Where can an overheated family with very little vacation time and even less unspoken-for cash go for a short respite from the pressures of daily life? To a state or national park.
With approximately 3,675 State Parks, 58 National Parks, and 333 other protected natural areas scattered across the United States, there’s one “just down the road” from almost everyone’s back door. These largely undeveloped sites preserve history, natural resources, and wildlife, while providing recreation and solace for visitors.
My home state of Pennsylvania requires no parking or entrance fees at its state parks. Some states levy a nominal charge (usually no more than a few dollars per car). National parks offer an affordable annual pass that entitles you to free admission at any of the country’s national parks, including such giants as Yosemite and Mammoth Cave.
Streams, lakes, beaches, dunes, rock formations, playgrounds, trails, waterfalls, picnic areas and much more can entertain a family for days. Overnight accommodation options include roughing it in an inexpensive, rustic lean-to, camping in your own tent, or reveling in all the comforts of home in a moderately priced, well-equipped cabin capable of housing multiple families, or staying at rustic hotel-like lodges.
Boating, fishing, swimming, hiking, walking, horseback riding, even exploring a cave or wading under a waterfall, are just a few of the activities offered at state and national parks across the United States. To find a national park, click on “Find a Park”. To find a state park, click on your state. The Web sites provide information on fees, regulations, activities, current conditions, accommodations, and more.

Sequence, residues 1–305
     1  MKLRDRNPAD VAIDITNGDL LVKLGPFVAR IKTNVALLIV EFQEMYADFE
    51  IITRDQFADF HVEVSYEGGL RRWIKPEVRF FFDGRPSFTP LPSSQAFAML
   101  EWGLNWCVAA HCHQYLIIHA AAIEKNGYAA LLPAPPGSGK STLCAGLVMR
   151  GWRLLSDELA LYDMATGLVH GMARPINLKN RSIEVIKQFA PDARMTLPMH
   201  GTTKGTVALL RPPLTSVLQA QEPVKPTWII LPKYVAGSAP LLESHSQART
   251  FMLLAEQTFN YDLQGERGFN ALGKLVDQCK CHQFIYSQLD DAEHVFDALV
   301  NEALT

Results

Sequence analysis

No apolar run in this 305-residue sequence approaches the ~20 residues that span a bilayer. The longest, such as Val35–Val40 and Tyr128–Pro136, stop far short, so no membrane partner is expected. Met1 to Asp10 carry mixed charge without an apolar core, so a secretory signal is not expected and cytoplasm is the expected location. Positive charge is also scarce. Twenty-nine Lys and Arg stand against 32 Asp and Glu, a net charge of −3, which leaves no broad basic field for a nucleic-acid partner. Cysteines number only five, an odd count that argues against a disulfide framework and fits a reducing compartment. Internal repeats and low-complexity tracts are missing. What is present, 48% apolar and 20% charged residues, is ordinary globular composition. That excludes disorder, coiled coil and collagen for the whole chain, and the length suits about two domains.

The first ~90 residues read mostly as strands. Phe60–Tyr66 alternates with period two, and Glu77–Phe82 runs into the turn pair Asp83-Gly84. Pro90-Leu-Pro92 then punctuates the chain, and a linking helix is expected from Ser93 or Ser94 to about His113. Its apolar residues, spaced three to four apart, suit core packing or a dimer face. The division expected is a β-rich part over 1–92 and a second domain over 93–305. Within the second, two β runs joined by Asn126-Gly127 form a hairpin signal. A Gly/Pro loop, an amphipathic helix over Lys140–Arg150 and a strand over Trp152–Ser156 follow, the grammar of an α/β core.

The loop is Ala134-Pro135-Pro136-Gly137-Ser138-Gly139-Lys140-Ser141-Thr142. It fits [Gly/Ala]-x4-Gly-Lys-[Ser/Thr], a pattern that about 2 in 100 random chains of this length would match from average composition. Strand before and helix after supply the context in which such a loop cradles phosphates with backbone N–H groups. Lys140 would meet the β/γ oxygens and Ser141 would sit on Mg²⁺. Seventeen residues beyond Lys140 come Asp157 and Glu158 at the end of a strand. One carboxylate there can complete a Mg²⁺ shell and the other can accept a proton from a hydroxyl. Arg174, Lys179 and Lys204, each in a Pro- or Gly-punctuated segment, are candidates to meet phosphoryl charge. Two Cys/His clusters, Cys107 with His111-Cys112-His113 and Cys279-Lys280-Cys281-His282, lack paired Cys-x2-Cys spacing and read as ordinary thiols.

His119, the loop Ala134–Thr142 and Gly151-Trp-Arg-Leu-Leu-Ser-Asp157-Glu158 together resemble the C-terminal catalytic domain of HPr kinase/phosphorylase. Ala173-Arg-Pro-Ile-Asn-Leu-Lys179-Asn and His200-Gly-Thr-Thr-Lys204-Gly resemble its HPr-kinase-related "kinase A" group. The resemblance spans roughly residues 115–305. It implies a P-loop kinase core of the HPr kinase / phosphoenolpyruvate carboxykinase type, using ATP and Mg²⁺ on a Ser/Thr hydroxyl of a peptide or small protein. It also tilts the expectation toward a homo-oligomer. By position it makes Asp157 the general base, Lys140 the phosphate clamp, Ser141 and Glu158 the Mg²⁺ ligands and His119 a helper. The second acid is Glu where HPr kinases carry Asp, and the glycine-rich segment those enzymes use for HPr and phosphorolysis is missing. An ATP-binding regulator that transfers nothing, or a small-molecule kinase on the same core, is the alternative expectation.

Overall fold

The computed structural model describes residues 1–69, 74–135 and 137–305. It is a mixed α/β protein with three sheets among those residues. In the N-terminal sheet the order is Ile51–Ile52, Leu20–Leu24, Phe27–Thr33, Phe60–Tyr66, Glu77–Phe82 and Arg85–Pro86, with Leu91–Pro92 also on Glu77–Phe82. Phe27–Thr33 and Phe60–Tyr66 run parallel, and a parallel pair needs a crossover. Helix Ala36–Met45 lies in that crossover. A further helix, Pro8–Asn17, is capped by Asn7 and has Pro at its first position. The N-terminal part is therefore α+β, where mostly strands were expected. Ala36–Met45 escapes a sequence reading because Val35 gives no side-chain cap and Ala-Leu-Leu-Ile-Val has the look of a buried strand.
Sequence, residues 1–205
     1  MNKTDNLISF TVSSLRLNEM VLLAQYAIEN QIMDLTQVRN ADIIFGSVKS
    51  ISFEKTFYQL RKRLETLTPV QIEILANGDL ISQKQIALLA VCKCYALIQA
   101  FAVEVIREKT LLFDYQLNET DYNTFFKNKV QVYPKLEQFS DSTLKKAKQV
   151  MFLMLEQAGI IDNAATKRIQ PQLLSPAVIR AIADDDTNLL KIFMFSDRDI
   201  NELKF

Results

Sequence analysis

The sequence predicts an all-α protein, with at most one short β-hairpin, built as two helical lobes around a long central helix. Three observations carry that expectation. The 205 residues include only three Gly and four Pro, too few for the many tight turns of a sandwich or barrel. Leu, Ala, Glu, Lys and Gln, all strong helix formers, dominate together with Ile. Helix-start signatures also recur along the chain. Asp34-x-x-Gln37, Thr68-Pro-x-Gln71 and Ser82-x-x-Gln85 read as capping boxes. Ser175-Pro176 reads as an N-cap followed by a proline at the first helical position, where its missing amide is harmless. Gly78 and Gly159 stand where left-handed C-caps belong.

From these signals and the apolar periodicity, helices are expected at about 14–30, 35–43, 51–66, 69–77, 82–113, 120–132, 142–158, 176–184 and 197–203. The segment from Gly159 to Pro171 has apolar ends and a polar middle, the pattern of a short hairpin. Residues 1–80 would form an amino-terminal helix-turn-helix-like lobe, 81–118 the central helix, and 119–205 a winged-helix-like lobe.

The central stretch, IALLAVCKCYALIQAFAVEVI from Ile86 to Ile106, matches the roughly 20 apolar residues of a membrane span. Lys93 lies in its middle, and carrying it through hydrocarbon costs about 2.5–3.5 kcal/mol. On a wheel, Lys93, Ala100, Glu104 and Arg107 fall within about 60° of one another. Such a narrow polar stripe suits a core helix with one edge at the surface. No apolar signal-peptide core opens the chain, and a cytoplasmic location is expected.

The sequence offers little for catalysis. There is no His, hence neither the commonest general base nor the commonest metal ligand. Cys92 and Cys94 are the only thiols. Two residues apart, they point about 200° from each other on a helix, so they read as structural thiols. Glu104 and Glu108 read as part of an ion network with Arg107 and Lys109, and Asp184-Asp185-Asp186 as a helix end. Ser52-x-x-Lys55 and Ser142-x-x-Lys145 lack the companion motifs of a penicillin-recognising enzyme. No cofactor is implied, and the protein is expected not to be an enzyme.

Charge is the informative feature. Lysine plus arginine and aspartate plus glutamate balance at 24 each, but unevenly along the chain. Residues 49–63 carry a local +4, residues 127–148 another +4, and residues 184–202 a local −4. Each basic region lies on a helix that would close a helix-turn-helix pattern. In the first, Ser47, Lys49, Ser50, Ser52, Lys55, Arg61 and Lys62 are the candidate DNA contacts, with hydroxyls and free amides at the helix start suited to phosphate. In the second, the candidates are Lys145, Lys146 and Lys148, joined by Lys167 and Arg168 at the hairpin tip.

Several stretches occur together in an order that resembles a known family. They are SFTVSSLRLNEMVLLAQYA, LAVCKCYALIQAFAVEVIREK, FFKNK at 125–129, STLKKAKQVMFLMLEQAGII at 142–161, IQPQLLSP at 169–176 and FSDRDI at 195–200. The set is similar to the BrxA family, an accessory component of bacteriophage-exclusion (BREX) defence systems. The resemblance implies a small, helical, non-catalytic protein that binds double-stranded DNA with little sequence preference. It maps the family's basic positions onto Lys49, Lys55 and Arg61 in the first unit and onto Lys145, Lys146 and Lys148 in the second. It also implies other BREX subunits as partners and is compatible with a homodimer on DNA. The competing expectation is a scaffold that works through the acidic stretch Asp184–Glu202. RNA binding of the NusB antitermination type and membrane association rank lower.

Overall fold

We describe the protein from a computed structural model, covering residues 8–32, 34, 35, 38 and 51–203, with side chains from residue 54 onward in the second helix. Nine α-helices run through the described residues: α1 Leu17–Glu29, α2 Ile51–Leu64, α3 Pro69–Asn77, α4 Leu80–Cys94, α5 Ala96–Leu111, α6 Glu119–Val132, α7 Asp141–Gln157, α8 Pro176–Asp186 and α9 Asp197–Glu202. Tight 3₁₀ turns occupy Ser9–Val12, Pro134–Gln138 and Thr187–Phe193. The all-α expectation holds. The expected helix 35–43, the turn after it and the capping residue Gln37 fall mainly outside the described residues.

Get free admission to a national park this summer.
Discovering the Joys of Parks
We discovered this secret after moving to Pennsylvania. It was a hot, sticky mid-July day and we all were in need of a vacation that wouldn’t break the bank.
I called a new friend from church who described in vivid detail a Pennsylvania State Park only nine miles away from our new home. We climbed into the stifling car and headed to Tall Timbers.
Soon, the squish of hot asphalt under our tires gave way to the crunch of gravel. Blissfully, the hot sun was now hidden behind the leafy ceiling and the temperature felt as though it had dropped at least 20 degrees.
Oaks, pines, and towering hemlocks forested the area. A small clearing with a scattering of picnic tables and a pavilion signaled the end of our drive.
We got out and stretched. Refreshing breezes washed over us. The spicy fragrance of damp moss, fallen pine needles, and crushed leaves perfumed the air. The canopy of towering old-growth forest filtered the sunlight and created a cool, moist sanctuary that nourished our souls. We felt like we had wandered into a cathedral, complete with the subtle fragrance of ancient incense.
Fascinated with the gentle brook gurgling through the area, our children urged us to venture across a small footbridge. The tantalizing sound of rushing water lured us upstream, where we spotted an inviting waterfall. We hurried along the rocky path. We waded for a while in the water pooling at the base of the falls. In joyful abandon, the children crouched down and submerged themselves up to their necks— clothing and all. The cold water cooled their bodies and soothed their spirits.
Tense muscles relaxed. Frazzled nerves unwound. Cranky dispositions gave way to laughter and good-natured kidding. The benefits of a week’s vacation were compacted into a few hours – all for free